When June Andrew rattled into Marree in her Ford Laser in the heat of the 1982 summer, it was the first time she had visited the remote South Australian town.
“There were dust storms the first week, about 150 people were living here and before I got the job, I had never even heard of Marree - I had to look it up on the map,” the much-loved Remote Area Nurse said with a laugh.
Now, 39 years later, ‘Sister June’ is preparing to retire after decades of nursing from the isolated Flying Doctor clinic based 589 kilometres north of Adelaide at the junction of the Oodnadatta and Birdsville Tracks.
Not only has she administered flu injections, conducted regular health check-ups and even delivered a baby at the Marree Health Service, Sister June is integral to the community in which she opens and maintains the local swimming pool, runs the darts club and heads up the tennis club.
She has been fire captain of the Country Fire Service, a member of the Marree Progress Association, the Marree Race Club, she runs a cinema on Saturdays in the town's youth centre and has helped organise a variety of bronco branding events, camp drafts and gymkhanas over the years.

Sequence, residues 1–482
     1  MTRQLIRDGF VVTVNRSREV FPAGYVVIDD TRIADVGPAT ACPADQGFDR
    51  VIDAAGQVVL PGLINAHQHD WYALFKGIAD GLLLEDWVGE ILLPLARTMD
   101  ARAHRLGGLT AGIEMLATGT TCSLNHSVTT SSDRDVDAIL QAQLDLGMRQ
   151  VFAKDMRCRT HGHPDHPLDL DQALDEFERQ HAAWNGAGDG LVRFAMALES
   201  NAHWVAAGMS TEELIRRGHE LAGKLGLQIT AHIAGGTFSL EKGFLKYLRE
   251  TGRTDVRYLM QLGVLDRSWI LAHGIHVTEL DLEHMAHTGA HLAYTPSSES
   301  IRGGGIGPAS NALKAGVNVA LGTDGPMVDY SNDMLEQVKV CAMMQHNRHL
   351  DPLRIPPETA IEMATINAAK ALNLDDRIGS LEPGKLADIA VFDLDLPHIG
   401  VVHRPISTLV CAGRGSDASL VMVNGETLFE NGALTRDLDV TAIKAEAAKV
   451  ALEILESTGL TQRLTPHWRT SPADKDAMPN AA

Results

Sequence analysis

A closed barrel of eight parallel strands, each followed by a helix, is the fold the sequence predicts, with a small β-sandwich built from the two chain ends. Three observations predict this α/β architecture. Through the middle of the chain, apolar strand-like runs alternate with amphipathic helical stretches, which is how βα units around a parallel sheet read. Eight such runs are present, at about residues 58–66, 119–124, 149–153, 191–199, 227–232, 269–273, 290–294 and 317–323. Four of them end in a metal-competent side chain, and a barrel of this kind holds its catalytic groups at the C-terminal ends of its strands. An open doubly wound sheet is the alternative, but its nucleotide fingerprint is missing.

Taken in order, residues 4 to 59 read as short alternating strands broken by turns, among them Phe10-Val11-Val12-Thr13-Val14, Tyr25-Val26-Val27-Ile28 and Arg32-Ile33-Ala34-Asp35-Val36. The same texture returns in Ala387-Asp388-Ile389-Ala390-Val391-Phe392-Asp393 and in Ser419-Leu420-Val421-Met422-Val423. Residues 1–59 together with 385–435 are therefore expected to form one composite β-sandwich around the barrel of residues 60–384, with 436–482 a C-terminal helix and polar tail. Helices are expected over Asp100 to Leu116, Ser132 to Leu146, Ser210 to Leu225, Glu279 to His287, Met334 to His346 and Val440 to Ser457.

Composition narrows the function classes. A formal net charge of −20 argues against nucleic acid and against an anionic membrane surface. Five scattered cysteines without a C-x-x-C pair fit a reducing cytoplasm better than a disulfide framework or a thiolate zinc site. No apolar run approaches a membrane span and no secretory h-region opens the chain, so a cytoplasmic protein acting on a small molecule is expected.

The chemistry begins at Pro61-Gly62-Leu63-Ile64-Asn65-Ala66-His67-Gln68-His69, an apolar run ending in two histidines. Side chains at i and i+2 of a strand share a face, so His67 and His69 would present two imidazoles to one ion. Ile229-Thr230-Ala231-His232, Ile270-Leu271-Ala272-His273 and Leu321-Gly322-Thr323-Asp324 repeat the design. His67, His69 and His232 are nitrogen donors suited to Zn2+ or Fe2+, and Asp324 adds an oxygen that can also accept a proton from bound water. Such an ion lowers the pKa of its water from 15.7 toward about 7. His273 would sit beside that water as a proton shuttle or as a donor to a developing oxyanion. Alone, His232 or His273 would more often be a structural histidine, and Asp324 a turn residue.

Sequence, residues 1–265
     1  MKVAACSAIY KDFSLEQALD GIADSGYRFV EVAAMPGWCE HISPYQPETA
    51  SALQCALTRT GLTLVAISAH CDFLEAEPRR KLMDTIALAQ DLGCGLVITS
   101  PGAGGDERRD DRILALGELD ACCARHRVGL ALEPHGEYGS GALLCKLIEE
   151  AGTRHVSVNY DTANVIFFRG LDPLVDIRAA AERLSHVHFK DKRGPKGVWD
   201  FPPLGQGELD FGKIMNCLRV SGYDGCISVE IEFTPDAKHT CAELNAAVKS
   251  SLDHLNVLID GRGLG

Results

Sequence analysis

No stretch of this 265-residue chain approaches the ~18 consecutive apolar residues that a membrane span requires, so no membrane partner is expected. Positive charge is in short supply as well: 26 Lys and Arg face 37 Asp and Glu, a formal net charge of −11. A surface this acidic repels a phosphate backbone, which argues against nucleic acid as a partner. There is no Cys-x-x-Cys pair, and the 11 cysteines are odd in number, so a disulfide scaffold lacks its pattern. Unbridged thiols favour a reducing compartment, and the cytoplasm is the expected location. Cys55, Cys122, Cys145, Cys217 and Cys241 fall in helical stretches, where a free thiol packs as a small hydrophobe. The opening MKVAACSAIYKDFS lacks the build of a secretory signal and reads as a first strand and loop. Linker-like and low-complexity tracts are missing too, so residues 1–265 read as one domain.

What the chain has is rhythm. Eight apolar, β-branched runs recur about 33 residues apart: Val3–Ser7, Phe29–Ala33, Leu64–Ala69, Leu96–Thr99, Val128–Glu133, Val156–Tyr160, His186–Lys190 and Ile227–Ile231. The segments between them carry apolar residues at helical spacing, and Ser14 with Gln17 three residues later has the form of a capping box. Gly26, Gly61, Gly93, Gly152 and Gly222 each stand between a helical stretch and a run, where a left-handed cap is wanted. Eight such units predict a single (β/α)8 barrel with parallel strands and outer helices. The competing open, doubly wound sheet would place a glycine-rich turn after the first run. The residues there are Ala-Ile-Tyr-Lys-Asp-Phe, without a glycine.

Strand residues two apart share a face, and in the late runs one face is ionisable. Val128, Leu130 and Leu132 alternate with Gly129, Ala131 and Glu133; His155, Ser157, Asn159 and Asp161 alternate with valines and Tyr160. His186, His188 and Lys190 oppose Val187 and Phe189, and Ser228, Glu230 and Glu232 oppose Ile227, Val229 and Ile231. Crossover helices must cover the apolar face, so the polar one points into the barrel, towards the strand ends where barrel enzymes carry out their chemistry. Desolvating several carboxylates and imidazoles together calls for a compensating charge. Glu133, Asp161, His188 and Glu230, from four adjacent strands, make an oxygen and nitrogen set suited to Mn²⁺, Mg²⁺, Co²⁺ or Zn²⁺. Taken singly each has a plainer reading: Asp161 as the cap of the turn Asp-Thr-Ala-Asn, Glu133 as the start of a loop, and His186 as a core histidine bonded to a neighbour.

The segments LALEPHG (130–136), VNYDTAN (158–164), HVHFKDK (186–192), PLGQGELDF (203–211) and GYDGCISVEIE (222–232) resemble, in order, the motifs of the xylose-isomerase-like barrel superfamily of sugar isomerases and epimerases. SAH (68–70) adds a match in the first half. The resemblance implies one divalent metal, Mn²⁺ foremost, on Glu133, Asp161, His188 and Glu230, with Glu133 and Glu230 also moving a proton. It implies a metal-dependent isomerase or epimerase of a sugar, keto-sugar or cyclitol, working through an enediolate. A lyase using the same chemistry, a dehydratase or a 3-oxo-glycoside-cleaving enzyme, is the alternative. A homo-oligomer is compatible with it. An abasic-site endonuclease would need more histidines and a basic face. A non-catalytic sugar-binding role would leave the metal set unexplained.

“When I first arrived at the nursing clinic, we had a lot of kids coming in with runny ears," Sister June said. "We started a Vitamin C program and that really helped - it’s been great to actually get people coming to the clinic regularly so we can now work more on being proactive.
“I’ve also worked on a lot of women’s health programs and we used to have an Aboriginal Well Women’s Project.”
The Marree Health Service is now staffed by two Remote Area Nurses who provide primary health care, home visiting, referrals, 24-hour medical consultations and 4WD emergency ambulance services.
The clinic also delivers primary and preventative health programs such as oral health, chronic disease management and mental health care as an extension to the RFDS Primary Health Care Service.